Legislature(1999 - 2000)
05/03/1999 01:15 PM JUD
* first hearing in first committee of referral
= bill was previously heard/scheduled
= bill was previously heard/scheduled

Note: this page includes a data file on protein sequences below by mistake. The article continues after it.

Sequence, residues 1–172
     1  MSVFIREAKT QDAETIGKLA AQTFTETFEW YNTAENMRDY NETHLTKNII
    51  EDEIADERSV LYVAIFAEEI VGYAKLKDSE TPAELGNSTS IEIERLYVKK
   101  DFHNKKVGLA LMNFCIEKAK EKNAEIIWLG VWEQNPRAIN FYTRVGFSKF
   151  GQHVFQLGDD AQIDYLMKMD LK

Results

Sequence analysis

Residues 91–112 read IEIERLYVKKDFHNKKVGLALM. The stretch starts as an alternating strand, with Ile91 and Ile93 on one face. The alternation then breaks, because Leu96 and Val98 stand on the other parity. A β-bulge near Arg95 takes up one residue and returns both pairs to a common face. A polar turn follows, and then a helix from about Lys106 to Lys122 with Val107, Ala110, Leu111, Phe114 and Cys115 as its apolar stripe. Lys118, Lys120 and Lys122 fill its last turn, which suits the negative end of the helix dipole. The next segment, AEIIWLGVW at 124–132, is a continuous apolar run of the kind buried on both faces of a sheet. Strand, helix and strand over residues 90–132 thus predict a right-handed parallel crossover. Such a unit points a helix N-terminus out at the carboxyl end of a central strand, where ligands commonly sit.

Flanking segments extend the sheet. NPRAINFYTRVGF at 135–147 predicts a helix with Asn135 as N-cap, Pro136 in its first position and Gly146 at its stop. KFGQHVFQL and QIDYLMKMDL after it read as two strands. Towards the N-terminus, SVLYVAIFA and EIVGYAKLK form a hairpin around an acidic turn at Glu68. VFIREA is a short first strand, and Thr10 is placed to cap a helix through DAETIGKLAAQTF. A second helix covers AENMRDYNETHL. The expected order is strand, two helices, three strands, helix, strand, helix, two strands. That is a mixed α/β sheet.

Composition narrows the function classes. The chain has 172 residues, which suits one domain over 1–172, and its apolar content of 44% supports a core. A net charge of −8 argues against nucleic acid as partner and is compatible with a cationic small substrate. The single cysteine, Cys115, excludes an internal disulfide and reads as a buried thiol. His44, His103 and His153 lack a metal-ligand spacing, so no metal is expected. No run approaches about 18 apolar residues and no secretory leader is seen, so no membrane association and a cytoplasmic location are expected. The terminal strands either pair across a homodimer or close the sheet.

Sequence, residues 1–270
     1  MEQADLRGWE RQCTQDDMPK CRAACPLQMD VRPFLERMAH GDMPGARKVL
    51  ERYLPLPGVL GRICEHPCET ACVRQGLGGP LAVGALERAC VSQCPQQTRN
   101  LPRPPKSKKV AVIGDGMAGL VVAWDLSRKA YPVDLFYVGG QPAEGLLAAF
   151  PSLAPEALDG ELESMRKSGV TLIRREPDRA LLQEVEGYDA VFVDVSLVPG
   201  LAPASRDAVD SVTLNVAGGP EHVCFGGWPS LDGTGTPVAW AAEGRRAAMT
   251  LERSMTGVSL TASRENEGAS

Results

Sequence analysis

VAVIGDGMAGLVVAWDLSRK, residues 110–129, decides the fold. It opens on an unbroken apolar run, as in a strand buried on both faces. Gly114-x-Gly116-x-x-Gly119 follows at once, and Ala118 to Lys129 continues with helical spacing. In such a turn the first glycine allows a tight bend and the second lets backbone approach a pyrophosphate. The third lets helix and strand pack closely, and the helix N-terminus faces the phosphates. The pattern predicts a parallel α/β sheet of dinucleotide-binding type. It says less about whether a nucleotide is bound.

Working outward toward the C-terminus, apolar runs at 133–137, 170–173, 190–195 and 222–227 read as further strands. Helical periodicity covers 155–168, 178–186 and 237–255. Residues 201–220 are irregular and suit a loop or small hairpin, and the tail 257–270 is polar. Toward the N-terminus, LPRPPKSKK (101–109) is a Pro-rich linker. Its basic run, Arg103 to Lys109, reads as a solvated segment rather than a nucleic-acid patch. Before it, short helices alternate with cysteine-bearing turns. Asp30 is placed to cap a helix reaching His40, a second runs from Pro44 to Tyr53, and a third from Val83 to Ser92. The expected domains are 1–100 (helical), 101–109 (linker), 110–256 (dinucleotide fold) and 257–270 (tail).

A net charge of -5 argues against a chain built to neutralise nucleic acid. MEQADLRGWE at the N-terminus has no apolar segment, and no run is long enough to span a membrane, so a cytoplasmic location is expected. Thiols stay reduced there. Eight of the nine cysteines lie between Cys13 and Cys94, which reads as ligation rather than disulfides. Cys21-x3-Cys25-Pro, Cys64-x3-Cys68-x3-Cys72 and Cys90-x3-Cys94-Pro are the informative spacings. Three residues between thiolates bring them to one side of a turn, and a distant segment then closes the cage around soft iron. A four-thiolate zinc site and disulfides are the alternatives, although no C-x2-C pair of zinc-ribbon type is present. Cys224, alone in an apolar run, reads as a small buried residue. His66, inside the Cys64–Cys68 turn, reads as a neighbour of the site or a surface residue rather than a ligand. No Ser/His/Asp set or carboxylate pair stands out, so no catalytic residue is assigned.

HB 212 - UNLAWFUL TRADE PRACTICES/ANTITRUST CHAIRMAN KOTT announced the first order of business is House Bill No. 212, "An Act relating to unlawful trade practices and antitrust activities." Number 0085 CORY WINCHELL, Administrative Assistant to Representative Pete Kott, came before the committee and presented the bill. He stated that the litigation surrounding antitrust and unfair trade practices, as well as the Consumer Protection Act are long, and often arduous matters, which result in a high amount of discretion and sensitivity. This bill would reinforce the confidential nature of such a case by prohibiting certain public disclosures during, and even after, an investigation. MR. WINCHELL offered a sectional analysis of HB 212. Section 1 amends the confidentiality section of the state's Unfair Trade Practices Act. It prohibits the attorney general from making the names of persons alleged to have committed unlawful trade practices public during and after an investigation. This section also adds investigation records and intelligence information of the attorney general that are created in the course of an investigation and the work product by exempting it out of public disclosure. Section 2 adds a new section on articles of monopoly and restraints of trade. The article provides that investigation records obtained or created by the attorney general during an investigation are not considered public records before or after an investigation. He stated that it does allow and provide for the attorney general to issue public statements warning the public about the present or future violations of the article, however. The intent is to exempt highly critical and complex statements from public disclosure during an antitrust lawsuit. REPRESENTATIVE KOTT stated, according to his understanding, that is how it was done until there was a court decision reversing the ways. Number 0253 REPRESENTATIVE MURKOWSKI asked Mr. Winchell what precipitated this legislation. MR. WINCHELL deferred the question to Mr. Daveed Schwartz from the Department of Law. DAVEED SCHWARTZ, Assistant Attorney General, Commercial Section, Department of Law, testified via teleconference from Anchorage. He specializes in antitrust and consumer protection cases. The content of HB 212 was incorporated in HB 142 from a prior legislative session. It was precipitated by concerns expressed by the seafood processing industry regarding the confidentiality of state antitrust records after an investigation was concluded. This issue also came before the Alaska Superior Court surrounding salmon litigation in relation to price fixing in 1996. A superior court judge ordered the state attorney general's office to release all of the investigative information in the state's closed investigative file, and treated it as if it were public information. MR. SCHWARTZ explained that there are certain problems posed by treating investigative information as public information. He said, "During the investigation, it impedes the state's progress toward an effective result, and then, afterwards, if the companies that are cooperating with the state know that, after an investigation is closed, which could be a month after it starts or several years after it starts, the companies would be less willing to cooperated during the investigative stage or reticent in their statements to the attorney general's office knowing that the information could become a matter of public record." MR. SCHWARTZ stated that Section 1 relates to the Consumer Protection Act and records thereof. Currently, those records, during an investigation, are not available to the general public. He said the change ensures that records collected during the investigation will not be public even after the investigation is concluded. MR. SCHWARTZ further stated that Section 2 corrects an error in the antitrust statute. The statute currently says that information obtained under antitrust civil investigative demands in the form of documentary evidence is confidential and cannot be released unless ordered by a court for good cause. The same confidentiality restrictions apply to testimony obtained under a civil investigative demand. But for some reason he believes that is an oversight. The statute does not provide for the same level of confidentiality for testimony as it does for documentary material. MR. SCHWARTZ further stated that Section 3 harmonizes the antitrust statute with the consumer protection statute. He said, "Often times, we're proceeding under both antitrust and consumer protection statutes. Sometimes we proceed only under the antitrust statute and we want to make sure that the records of investigation are not considered public records during or after an investigation. However, like the Consumer Protection Act, the attorney general would have the power to issue public statements describing (indisc.) course of conduct or conspiracy that would constitute a violation of the antitrust laws." Number 0614 REPRESENTATIVE GREEN commented that Mr. Schwartz is undoubtedly aware of the ongoing concern of the state regarding the merger between Exxon [Arco] and BP. He asked, "What is your feeling if, on one hand, we say, 'Sure. We can understand that there's going to be proprietary information that the certain individuals within the state might be privy to, but not the public.' ... What do you see the dichotomy here, if any?" MR. SCHWARTZ replied that, under the current wording of the antitrust laws, documentary material collected pursuant to a civil investigative demand is confidential and cannot be released unless ordered by a court [AS 45.50.592 (e)]. He is a member of the BP-Arco Merger Task Force in the executive branch. He explained that any information they collect, either from the Federal Trade Commission or from the merging parties themselves or from third parties, in the form of documentary material will be confidential under the present wording of the antitrust laws. The antitrust laws are interpreted as allowing the state to issue public statements concerning investigations even now, and Section 3 will simply clarify that current interpretation. Number 0762 REPRESENTATIVE KERTTULA asked: "If you had a request for the information and it was being created in the course of the investigation, and you're anticipating litigation, isn't that already going to be covered by work product? I mean, you're not going to be able to release that information anyway." MR. SCHWARTZ replied that is true. He explained if there is a request for information during an investigation, then it would be treated as not available under the Public Records Act. He said: More often, what happens is we open up a case and close it rather quickly, and, then, for some reason, whether by interest of a news reporter or a competitor of a company that we've looked into or a consumer group, wants to get at our closed files. ... Our interest in protecting the confidentiality of closed files has been interpreted by courts in other states and nationally as being less than if we had an ongoing investigation. So, we have less protection of confidentiality of closed files than we do current investigations. And this law would enhance our ability to protect the identity of companies being investigated or records collector (indisc.) created that may cause some unnecessary embarrassment or public spotlight and infringe on the ability of, or interest of, companies to cooperate with the state in its investigation. Number 0874 REPRESENTATIVE KERTTULA asked what the case is that Mr. Schwartz explained. MR. SCHWARTZ replied in 1991 the state started an investigation of possible antitrust violations in the seafood processing industry, and in 1993 wrote a 41-page report detailing information uncovered during that investigation. The state said they did not have the resources to pursue the investigation, so the case file was closed. Thereafter, some plaintiffs became interested in bringing another lawsuit against seafood processors, and requested access to the closed files, which was denied by the state. A lawsuit was then filed against the state for failing to release the information under the Consumer Protection Act and Public Records Act. The superior court judge involved found that the state was required to release their closed investigative files to the plaintiffs. The state appealed to the Alaska Supreme Court. During the appeal process, the state worked out a settlement with the seafood processor plaintiffs where they could get the information in their litigation, but keep it confidential under the terms of a protective order. REPRESENTATIVE CROFT asked Mr. Schwartz for a copy of the decision allowing the release of those documents. MR. SCHWARTZ commented he would provide a copy to Representative Croft, but the order itself is unremarkable and it does not cite any cases. REPRESENTATIVE CROFT wanted to know why antitrust would be kept confidential. Number 1081 MR. SCHWARTZ stated it is highly unusual in Alaska to apply the antitrust laws to examine a merger. More often the state has initiated an investigation of alleged price fixing, bid rigging, monopolization, territorial restraints or other non-merger matters. The reason to keep that information confidential during an investigation is not to impede the progress of the investigation and to encourage cooperation of the parties. To keep it confidential after the investigation is to encourage the cooperation of the parties not to release potentially embarrassing information that would not have been made public anyway. He stated that, with respect to merger information, the usual result with infrequent merger examinations is to file a consent judgement with the court detailing the facts of the case and moving forward with the merging party to seek court approval under the antitrust laws. Where a merger is challenged or approved, either way, there is going to be a public release of the information in the form of a court filing. He said no one will be left in the dark in terms of merger enforcement matters. REPRESENTATIVE CROFT replied that he was left in the dark. He mentioned the example of the Safeway-Carrs merger in which there was a consent decree discussing some elements of it. He said, "By then, it's already an agreement between the AG's [attorney general's] office and the affected, in that case, grocery interest. And it was virtually impossible for me to make an evaluation of the merits of that decision. I essentially had to trust - do trust - the AG's office, but had to trust them and Safeway and Carrs that it had come to the right public policy decision. And it seems to me that there may be a good argument during an investigation because you don't know whether these allegations are correct or not, and you don't want to have them splashed on the front page until you make a decision, but after you have reached some determination-there was merit to it, there wasn't, this is appropriate or it's inappropriate-why wouldn't that be the time to involve the public; shield them when there's just an allegation that you haven't had a chance to look at, but why, instead of this, shouldn't we say after an investigation everything becomes public?" Number 1248 MR. SCHWARTZ replied if companies know going into an investigation that, as soon as the attorney general's office is ready to close its file, all the information that they have submitted in confidence would become public, then they would be less willing to cooperate. They would probably move for a protective order, and would either have to litigate the terms of the protective order or a breech of it. If a protective order is agreed to then it would be a court ordered confidentiality that would continue on through after an investigation was closed. If it had to be litigated, it would take up a lot of resources every time an antitrust investigation was conducted and a subpoena was issued; protective orders would have to be litigated. As a practical matter, making the files available after an investigation is closed could also impede the progress and effectiveness of antitrust investigation. REPRESENTATIVE CROFT stated he understands why it would be more efficient for the attorney general's office and more convenient for the parties. He said, "I guess, I don't yet understand why it's better public policy that that isn't, ... (indisc.) never understand why they would want to keep it confidential, but it seems to me the public might have something to say on it, too." REPRESENTATIVE CROFT further said that, on unlawful trade practices, a great job is done enforcing the consumer protection laws. He indicated that it has been a frustration of the complaining party in a consumer protection action that there is very little they can do to get the status of the case. It seems to him appropriate maybe only under the "5521 Section A (indisc.)" to say, "Except that the AG may tell the complaining party - the person who said, 'I got swindled by this company.' Maybe able to at least keep them informed about the status of the case." He asked Mr. Schwartz whether this would be the appropriate section to put something like that. MR. SCHWARTZ replied he does not see that either the current wording of the Consumer Protection Act (521 b (indisc.)) or the proposed wording in HB 212 as an obstacle to doing what Representative Croft just said. If the complaining party wants to know what the status is of an investigation of their own complaint, there has never been constraint in terms of communicating that information. On the other hand, if someone other than the complaining party requests the information, it is treated as a Public Records Act request. Number 1429 REPRESENTATIVE CROFT wondered whether he is confused. He thinks that there has been a couple of cases where that has been a problem. MR. SCHWARTZ stated, if the complainant wants to know what the status of their complaint is, there has never been a constraint on telling them whether their case is still under investigation or resolved. If it is resolved, it is usually because a settlement was agreed upon. REPRESENTATIVE KERTTULA asked Mr. Schwartz whether confidentiality agreements could be entered into with the parties being investigated. MR. SCHWARTZ replied often times there have been agreements insisted upon by the parties. Since there is no protection of confidentiality after an investigation is closed, the parties submit the records on the condition that the records are returned. MR. WINCHELL stated that one of the policy concerns of interest is facilitating or encouraging dialogue between the parties in a claim. There are a lot of proprietary concerns over certain numbers as well. Number 1594 REPRESENTATIVE ROKEBERG made a motion to move HB 212 from the committee with individual recommendations and the attached zero fiscal note(s). REPRESENTATIVE CROFT objected. This is an area where there are legitimate confidentiality concerns, but there are also significant public disclosure concerns not completely addressed to his satisfaction. He believes the time to keep it confidential is in an investigation, but he thinks care needs to be taken to report back to the public with some fullness of what was done, what was found, and why one thing or another was decided to be done. He said he has seen the product that results from these antitrust discussions. He does not feel the consent decree told him enough as a private person in terms of whether the merger was a good idea or a bad idea. Even with executive sessions that he has sat in on, where he got more information, he was not satisfied with the level of information. REPRESENTATIVE CROFT further stated that he thinks a balance needs to be drawn closer to public evaluation. Every step done on confidentiality may make it easier to settle a case and easier on the parties to make a disclosure. In that regard, there is the potential to undermine the confidence of the public in terms of whether the decisions made were good. He thinks what should be done is to err on the side of telling what was done, what was found, and why it was appropriate. He referred to the Safeway-Carrs issue and stated, "I have never gotten, despite repeated requests, just some blanket indication of what the merger situation was. That is, the number that approximates how monopolistic a grocery industry is before and after the merger. Even that level, this number that tells you how fractured or monopolistic a market is, which wouldn't tell me how much Safeway had or Carrs had or Fred Meyer's had, but simply the level of monopolization. They said that was too critical, too confidential. So, I can't even say, at this point, that it decreased or increased the level of monopolization or to what level. And I don't know that, even in executive session. My constituents don't know it, and I think that does them a disservice. I don't criticize the Judiciary Committee for putting this forward. I think it probably was the original intent of the statute, but I think we need to balance that statute in the other direction." Number 1748 REPRESENTATIVE MURKOWSKI said she appreciates the fact that the consent decrees may be less than sufficient and that additional information ought to be made available so that whether it has been in the public's best interest can be truly determined. On the other hand, she is very sensitive to the chilling effect that the release of certain information would have on the parties. She indicated that if she were one of the parties and knew that the information was going to be made available to the public at the conclusion of an investigation, she would be less than forthcoming. It needs to be ensured that those people reviewing the information have absolute full disclosure. She thinks, perhaps, the consent decrees do not go far enough, but a certain level of confidentiality has to be allowed for. Number 1810 REPRESENTATIVE KERTTULA commented that this is one of those great balancing questions between the public's right to know and the parties' right to negotiate and come to a conclusion. The state's policy is very strong in regards to public records and making them available. She stated that there are many ways that records can be held confidential. Some records are created in the anticipation of litigation, and they are going to be confidential anyway under the current court rules. She said if Mr. Schwartz is right, and this is the way that he reads the law right at the moment, then she is a little bit concerned about trying to do something that might conceivably make records be held confidential when it was not wanted for them to be. She thinks that there are already a lot of protections in place and she would not go this far. REPRESENTATIVE GREEN stated that he also has some concerns. He is somewhat reassured that what is being talked about is the attorney general and not the legislature. On occasion, the legislature has had to go into executive session to get information that was very sensitive. He is really torn between what has been discussed before about the public's right to know, but he also balances that as a "member of a cooperative electorate." He explained that there was an executive session almost weekly when he was on the board of directors of Chugach Electric Association Incorporated. It was so common that it was actually an agenda item that was always there, and the public never really scrutinized it. That does not mean, however, that the public did not want to know. He is concerned that if "we were to bind ourselves with something like this with confidential nature, and inadvertently allowed it (indisc.) that then create any litigation potential from an injured party." He stated that since, the way he reads it, they are really talking about the attorney general's office; he agrees with moving the bill from the committee but with reservation. Number 1933 CHAIRMAN KOTT said he appreciates the concerns of Representatives Croft and Green. If he were an entrepreneur dealing with the attorney general, he would probably do as much as he could to not provide every bit of information that was requested just to stymie that investigation knowing that everything would be released. REPRESENTATIVE ROKEBERG said he is concerned also, but only in the sense that he is waiting for an answer from the attorney general's office as to why they lied to him about participating in the Safeway-Carrs merger. He has not received a response and finds himself in agreement with Representative Croft regarding the forthrightness of the Attorney General and his ability to respond. He said, "On the other hand, I find that (indisc.) proprietary information ... what to me is the complete constructive divesture of Safeway's interest in the state of Alaska to allow them to buy Carrs is kind of--I guess they, they divested themselves of enough ... of their property so they won't have a monopoly--I find that on the face kind of obvious. With that, I'll vote yes on the bill." CHAIRMAN KOTT said, in defense of the attorney general's office, they have probably been slow in getting a response to Representative Rokeberg because they are working on so many of these ongoing investigations and trying to get the parties to provide all the information. REPRESENTATIVE ROKEBERG commented that was last October. CHAIRMAN KOTT asked whether Representative Croft still had an objection. Number 2038 REPRESENTATIVE CROFT withdrew his objection. CHAIRMAN KOTT asked whether there is any further objection. There being none, HB 212 was so moved from the House Judiciary Standing Committee.